What hogwash. Where is this expert’s credentials?
    I was following up to this point: Minority youths should practice “conceptual segregation”?!? Huh? Isn’t real segregation what caused problems in the first place?
    Also, youth raised in supportive environments don’t need monetary incentives to get good grades. The smartest and most accomplished people I know (including a few who come from the inner city) are inwardly-driven. Self-esteem derived from money is the wrong kind of self-esteem.
    PK–Are you implying that minority youth just aren’t college material? How about designing better educational programs at elementary school level, rather than giving up and passing out passes to auto shop and metalworking?

  • Tanner

    Sure start an appretichip program, try to get that past the unions. Government is not the answer its the problem. Glad to see they finally moved off the Women’s Studies seminars.

  • apprenticeship program?

    Yale already has an apprenticeship program. It takes four to seven years and you finish with a doctorate.

  • Carl Nidray

    Wow, 37 years of experience in Sociology and still no idea about the lack of a family structure and its causes. A real disservice to inner city youth. Just more liberal nonsense – sorry for the oxymoron.

  • Calm Down

    Ugh yall don’t get it. Apprentice Us isn’t saying that minorities (or anyone for that matter) can’t go to college. Instead, “Apprentice Us” is just acknowledging the fact that not EVERYONE wants/must go to college. This idea that college is a necessary requirement for a successful life is a new cultural phenomenon that has come about in recent years, where we’re all trained to think that the only way to be useful/productive individuals is to go to college, when that is NOT the case. We should learn to acknowledge and respect ALL career paths, whether or not they include college, instead of acting as if simply having a college degree now makes you better than others.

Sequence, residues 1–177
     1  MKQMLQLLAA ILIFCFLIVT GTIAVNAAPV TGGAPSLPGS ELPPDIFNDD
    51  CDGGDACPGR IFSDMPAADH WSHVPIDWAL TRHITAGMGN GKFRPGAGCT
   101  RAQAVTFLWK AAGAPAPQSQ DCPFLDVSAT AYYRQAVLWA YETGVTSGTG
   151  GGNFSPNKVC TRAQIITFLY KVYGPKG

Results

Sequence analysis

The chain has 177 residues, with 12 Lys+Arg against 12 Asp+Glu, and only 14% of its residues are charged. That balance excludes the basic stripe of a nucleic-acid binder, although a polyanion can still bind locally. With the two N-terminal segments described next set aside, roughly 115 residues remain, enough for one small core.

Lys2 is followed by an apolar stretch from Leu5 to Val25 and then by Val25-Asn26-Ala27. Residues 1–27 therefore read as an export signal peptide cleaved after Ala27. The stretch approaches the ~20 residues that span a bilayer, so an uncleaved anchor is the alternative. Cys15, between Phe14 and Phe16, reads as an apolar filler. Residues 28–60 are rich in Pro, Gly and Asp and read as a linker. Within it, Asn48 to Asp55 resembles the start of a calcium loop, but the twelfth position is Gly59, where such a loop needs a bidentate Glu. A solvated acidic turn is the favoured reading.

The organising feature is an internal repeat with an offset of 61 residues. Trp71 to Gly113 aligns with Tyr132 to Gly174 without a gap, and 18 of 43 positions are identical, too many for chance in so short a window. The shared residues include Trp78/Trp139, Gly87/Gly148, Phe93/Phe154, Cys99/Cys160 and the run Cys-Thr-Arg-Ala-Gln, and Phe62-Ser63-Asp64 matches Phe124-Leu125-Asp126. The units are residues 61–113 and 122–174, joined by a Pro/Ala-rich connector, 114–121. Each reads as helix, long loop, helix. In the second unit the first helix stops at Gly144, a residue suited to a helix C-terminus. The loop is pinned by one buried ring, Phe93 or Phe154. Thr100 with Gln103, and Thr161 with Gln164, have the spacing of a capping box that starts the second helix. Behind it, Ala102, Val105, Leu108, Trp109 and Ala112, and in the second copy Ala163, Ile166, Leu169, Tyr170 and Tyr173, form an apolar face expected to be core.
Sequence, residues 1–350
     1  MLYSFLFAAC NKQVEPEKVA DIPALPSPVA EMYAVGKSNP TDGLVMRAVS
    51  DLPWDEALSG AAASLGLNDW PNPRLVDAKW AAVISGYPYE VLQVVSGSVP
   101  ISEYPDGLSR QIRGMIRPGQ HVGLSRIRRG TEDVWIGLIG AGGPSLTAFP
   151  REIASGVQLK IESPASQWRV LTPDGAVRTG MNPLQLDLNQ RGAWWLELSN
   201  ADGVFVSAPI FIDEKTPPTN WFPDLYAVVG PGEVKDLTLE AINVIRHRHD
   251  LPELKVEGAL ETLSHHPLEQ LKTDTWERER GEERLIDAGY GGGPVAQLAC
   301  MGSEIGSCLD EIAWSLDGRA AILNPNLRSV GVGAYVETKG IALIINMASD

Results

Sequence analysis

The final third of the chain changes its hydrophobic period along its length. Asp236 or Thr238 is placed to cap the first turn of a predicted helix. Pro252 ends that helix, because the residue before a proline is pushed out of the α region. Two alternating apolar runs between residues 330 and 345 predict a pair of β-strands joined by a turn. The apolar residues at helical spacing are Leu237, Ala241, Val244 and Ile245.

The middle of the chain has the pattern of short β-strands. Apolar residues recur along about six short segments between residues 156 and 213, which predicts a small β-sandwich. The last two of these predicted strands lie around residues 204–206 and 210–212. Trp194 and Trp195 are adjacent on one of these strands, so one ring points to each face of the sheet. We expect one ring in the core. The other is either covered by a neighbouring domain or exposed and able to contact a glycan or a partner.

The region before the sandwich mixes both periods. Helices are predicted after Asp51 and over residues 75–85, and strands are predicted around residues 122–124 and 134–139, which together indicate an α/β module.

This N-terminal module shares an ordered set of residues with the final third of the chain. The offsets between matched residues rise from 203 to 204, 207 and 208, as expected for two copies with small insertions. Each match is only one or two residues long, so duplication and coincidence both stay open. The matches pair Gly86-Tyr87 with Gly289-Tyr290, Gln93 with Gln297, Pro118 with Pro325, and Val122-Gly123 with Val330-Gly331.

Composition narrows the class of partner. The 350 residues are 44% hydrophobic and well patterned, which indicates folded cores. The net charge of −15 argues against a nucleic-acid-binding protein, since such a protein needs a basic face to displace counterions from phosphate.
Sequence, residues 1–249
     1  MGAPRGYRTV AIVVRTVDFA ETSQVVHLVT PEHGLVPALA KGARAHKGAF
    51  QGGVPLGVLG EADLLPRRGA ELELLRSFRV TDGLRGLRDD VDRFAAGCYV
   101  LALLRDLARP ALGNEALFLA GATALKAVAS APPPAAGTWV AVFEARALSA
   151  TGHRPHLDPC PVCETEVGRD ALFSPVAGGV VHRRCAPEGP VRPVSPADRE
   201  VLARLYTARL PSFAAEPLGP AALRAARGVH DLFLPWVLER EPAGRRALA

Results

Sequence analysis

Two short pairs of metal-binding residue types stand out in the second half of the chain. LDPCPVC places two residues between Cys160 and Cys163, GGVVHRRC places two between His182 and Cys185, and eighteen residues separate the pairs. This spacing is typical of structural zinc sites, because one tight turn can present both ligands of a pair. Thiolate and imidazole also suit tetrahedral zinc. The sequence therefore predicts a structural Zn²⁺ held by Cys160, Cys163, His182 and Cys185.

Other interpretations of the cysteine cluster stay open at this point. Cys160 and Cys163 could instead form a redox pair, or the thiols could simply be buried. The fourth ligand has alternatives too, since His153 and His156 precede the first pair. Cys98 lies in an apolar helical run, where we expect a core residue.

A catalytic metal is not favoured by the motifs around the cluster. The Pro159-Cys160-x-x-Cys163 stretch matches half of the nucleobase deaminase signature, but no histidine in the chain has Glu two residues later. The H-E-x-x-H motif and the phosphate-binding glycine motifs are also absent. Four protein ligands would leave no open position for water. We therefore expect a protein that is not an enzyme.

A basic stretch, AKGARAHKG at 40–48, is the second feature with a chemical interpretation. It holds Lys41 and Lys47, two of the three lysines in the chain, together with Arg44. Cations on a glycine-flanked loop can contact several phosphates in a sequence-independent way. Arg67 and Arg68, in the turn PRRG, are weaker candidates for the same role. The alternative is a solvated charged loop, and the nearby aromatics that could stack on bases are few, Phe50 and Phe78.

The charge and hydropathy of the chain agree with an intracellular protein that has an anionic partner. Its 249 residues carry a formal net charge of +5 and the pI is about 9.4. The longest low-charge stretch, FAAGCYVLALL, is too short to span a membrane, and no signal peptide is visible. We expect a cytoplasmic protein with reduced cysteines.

• to #6

    The idea that a liberal college education is necessary for a successful life in a democratic society goes back to Jefferson and the Enlightenment in this country, and back to the Renaissance in Italy, maybe back to the thirteenth century in Paris. This isn’t just a new cultural phenomenon in recent years unless you’re a NELC or Chinese history major. Liberal education is not about jobs, or about being better. It’s about the future of civilization. Apprenticeships are nothing to do with Yale or college education.

    To #5, I suspect the writer knows about family problems, but he proposes alleviating them by equipping the youth to break free from coercive circumstances. Maybe there’s a case to be made for working on family structure instead; is that what you believe?

  • offended

    I take serious issue with the usage of the term “urban males” in the headline of this article and in the study. There are plenty of males in urban settings who are middle-class or affluent. There are plenty of males in urban settings – of all ethnicities and social classes – who are doing just fine. Please don’t use the term ‘urban’ as a euphemism for the poor and impoverished in many parts of America’s inner-cities. It ignores the fact that there are many thriving – and safe – urban areas in America and all over the world and instead only serves to increase America’s prejudice against cities and further the destructive suburbanization of America.